I left Pisa at about 4 PM, as I wanted to get to Siena before dark. I was spending the night at a medieval plantation house. From the Siena train station, I took a taxi to my hotel and passed through quaint, sleepy towns.
This is the town entrance where my hotel is located.
In the evening, I walked around the town and was impressed at how the brick houses were old but still functioning. It's interesting to know that when I spoke to the hotel manager, he said the houses were passed down from generation to generation, so the same family names have resided there for ages. The town's main source of livelihood is winemaking.
One of the vineyard plantations in the area. This is a common sight in Tuscany.
The next day, I took a bus back to Siena. Once I entered Siena, I was greeted by these dark and ancient buildings. I was amazed that people truly live in them. It felt like I walked into a different world, so far and removed from the modernity and world I knew.
Siena is a walking and friendly city. Here's how the streets look like, and I did took a couple of wrong turns. Getting lost in the town's maze like streets is a great part of the adventure because you get to know the city's secret nooks.
This is the Palazzo Pubblico (Town Hall). They said this is the best place to watch the Palio. (Palio is a horse race held twice each year, in which ten horses and riders, dressed in the appropriate colours, represent ten of the seventeen city wards [Contrade].) I heard that this competition can get very intense. I still have to watch my first Palio.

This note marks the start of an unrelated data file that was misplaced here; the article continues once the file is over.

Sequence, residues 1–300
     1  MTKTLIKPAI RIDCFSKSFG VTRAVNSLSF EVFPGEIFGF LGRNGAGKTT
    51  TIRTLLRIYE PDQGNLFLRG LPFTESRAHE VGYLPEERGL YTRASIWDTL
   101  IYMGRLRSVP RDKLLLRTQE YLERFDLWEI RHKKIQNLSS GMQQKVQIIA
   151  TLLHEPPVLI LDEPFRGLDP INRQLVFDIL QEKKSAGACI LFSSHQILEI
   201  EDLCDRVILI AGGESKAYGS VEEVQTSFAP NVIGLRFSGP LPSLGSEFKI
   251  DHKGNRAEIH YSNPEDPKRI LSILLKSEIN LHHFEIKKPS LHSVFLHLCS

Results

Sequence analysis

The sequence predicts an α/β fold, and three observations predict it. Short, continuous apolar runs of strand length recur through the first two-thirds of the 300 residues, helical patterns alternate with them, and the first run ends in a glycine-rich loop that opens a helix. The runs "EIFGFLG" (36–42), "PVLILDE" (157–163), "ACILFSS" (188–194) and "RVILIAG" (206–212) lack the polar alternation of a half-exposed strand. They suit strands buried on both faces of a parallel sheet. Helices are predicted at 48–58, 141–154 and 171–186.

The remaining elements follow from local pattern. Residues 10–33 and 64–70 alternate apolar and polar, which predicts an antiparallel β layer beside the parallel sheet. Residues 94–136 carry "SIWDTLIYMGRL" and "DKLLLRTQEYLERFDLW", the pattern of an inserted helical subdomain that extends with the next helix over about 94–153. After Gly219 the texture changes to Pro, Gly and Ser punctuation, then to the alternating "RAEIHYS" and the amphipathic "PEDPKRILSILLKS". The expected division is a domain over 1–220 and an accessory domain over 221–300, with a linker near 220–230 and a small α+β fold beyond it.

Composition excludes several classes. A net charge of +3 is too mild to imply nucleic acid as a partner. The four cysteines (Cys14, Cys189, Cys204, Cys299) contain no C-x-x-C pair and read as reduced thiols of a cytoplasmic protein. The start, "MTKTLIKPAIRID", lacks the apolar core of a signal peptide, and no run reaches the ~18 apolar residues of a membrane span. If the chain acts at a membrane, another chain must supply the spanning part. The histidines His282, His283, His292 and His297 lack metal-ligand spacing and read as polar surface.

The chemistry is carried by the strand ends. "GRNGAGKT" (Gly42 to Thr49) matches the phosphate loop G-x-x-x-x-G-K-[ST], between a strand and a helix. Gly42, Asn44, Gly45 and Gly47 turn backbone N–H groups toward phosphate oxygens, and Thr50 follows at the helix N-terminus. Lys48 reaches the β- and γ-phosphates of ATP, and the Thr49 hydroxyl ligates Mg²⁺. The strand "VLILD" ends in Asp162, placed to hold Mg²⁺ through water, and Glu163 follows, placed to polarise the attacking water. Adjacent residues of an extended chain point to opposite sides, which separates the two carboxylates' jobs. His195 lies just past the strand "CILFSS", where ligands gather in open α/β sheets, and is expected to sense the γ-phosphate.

The Piazza del Campo, Siena's central square. It felt like a beach without the sea. I mean, people were sunbathing there. This is a famous place to meet, hang-out, and eat. I mingled with folks there with a plate of Spaghetti Carbonara and a 2 euro soda. The center was declared as a World Heritage Site by UNESCO.
In Italy, a town or city's life revolves around its Duomo (cathedral). This is the Cathedral of Siena. I have no idea about architecture, but my guide book says this is an example of Italian romanesque architecture. The design is truly impressive.
This is a photo I took as I was approaching the Basilica of San Domenico. This church is quite simple and plain compared to the churches I've visited in Italy. What spooked me though, is that inside the cathedral, there's a chapel named after St. Catherine; and in the center, there's an altar housing the saint's head.While in Siena, I met a number of Filipinos and it was a delight chatting with them. As we went our separate ways, we exchanged numbers and addresses. One of them, hoping that I'd marry his son in the Philippines. I just laughed and jokingly told her, "I'm not so sure about that." My visit to Siena was made memorable by the rich history of the city and wonderful people I met.
Our next trip will be Rome, The Eternal City.